Savvy Marketers Utilize Digital Data To Optimize Ad Targeting
Among marketers, what separates the good from the bad? Nothing less than effective real-time audience measurement, according to new research from the Interactive Advertising Bureau, in partnership with strategic consulting firm Winterberry Group.
Smart marketers, they found, are already shifting from traditional data focused on products, channels and campaigns to the real-time identification and optimization of consumer audiences.
The long-established use of personally identifiable information -- like names and postal addresses -- for targeted marketing purposes is increasingly being complemented by aggregated and “anonymyzed” digital data.
The point is to improve ad effectiveness through better targeting as well as efficiency through more economical media buying, according to Patrick Dolan, EVP/COO at the IAB.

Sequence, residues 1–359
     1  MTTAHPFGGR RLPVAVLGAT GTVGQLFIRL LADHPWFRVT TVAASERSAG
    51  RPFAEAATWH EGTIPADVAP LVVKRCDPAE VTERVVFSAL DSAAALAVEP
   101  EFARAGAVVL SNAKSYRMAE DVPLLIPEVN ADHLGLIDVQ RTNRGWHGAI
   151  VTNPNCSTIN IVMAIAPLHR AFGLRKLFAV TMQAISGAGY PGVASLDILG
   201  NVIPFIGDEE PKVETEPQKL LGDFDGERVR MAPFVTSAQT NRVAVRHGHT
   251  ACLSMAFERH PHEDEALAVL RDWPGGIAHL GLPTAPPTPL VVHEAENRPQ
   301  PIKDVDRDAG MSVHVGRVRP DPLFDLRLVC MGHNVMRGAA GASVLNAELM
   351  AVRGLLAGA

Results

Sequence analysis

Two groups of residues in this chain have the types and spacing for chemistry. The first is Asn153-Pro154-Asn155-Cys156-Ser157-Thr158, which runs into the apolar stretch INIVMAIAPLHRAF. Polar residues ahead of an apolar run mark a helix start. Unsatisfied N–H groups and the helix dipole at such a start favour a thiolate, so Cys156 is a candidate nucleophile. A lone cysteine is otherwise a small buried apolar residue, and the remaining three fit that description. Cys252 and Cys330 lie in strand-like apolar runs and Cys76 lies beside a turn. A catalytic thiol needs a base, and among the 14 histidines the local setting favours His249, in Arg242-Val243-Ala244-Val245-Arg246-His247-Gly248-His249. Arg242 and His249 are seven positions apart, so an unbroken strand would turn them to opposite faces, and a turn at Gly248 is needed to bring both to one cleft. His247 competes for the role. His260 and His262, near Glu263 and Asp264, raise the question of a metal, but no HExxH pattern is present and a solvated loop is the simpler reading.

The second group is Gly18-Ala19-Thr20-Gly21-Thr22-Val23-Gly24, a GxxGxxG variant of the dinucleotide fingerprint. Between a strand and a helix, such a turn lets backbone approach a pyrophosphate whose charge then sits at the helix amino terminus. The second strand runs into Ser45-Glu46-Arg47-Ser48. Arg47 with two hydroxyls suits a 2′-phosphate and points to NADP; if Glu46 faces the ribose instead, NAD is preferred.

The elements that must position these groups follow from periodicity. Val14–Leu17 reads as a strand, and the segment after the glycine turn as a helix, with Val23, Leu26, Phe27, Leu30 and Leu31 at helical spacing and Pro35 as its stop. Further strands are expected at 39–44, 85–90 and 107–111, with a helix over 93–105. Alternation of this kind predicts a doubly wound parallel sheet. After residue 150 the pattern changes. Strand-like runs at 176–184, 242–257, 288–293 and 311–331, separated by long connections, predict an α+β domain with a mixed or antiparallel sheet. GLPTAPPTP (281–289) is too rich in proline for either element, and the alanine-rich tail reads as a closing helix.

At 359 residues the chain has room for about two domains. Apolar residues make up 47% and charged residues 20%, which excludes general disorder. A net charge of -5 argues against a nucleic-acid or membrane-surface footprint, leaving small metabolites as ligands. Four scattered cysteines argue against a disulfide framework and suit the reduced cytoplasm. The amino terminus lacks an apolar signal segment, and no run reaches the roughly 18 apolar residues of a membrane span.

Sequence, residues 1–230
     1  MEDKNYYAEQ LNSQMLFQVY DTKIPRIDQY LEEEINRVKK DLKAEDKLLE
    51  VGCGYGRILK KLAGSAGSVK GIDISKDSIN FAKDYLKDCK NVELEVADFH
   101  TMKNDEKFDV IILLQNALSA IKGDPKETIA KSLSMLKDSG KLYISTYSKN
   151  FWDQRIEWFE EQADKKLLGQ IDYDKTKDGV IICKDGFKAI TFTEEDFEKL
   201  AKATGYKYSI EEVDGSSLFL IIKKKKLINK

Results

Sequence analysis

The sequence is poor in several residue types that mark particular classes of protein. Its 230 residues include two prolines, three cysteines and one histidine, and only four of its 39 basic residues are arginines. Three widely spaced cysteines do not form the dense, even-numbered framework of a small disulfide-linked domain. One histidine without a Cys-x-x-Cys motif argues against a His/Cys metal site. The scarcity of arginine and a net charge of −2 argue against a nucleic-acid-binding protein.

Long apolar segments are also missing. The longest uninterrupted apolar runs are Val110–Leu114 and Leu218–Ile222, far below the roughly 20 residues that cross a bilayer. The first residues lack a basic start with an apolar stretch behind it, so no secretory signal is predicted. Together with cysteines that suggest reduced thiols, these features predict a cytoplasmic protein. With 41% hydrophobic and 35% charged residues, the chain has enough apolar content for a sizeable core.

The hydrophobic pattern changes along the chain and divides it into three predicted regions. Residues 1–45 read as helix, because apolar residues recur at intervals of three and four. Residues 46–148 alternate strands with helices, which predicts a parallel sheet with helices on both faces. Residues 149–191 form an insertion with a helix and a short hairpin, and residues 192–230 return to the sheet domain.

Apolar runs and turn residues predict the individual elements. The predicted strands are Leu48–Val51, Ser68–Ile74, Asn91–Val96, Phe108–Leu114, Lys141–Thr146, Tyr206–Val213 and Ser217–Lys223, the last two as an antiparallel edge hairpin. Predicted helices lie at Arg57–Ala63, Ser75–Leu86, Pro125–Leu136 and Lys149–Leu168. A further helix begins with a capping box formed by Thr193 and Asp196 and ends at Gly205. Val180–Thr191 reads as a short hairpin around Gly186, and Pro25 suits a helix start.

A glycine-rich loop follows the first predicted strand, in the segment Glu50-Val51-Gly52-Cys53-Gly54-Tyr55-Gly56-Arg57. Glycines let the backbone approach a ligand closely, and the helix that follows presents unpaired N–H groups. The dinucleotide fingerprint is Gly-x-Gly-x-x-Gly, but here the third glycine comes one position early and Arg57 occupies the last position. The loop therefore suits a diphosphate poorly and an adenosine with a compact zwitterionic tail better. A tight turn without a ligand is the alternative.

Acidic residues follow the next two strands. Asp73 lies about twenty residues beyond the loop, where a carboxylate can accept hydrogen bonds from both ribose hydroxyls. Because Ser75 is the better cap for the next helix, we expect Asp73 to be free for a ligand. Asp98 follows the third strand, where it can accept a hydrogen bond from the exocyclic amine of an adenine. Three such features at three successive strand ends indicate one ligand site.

“The plethora of new data sources, targeted technologies and advertising delivery platforms enable marketers to amass more intelligence from varied sources,” said Dolan. “This promising resource can only bear fruit if marketers can take that raw data and harness it effectively, going beyond traditional usage.”
Currently, in Dolan’s judgment, the data-driven marketing use cases with the most potential are still in the early adoption stage.
That said, the IAB and the Winterberry Group were able to reach a few conclusions about the state of audience measurement. For one, the businesses of audience, channel, and ad sale/yield optimization remain immature.
In slightly better shape is media buying and ad targeting, which the IAB considers to be an “intermediate” maturity level. “Early adopters include digital ad agencies and demand-side platforms that enable advertisers to identify and target high-value customers across channels by using real-time bidding and more efficient bidding prices.”
The research also identified several challenges to widespread optimization of marketing data, including the need for aggregation and “anonymization.”
Indeed, while traditional data management practices were built largely around “personally identifiable information” elements -- usually consumer names and postal addresses -- the collection, analysis and segmentation of online data now requires the aggregation and anonymization of virtually all data sets.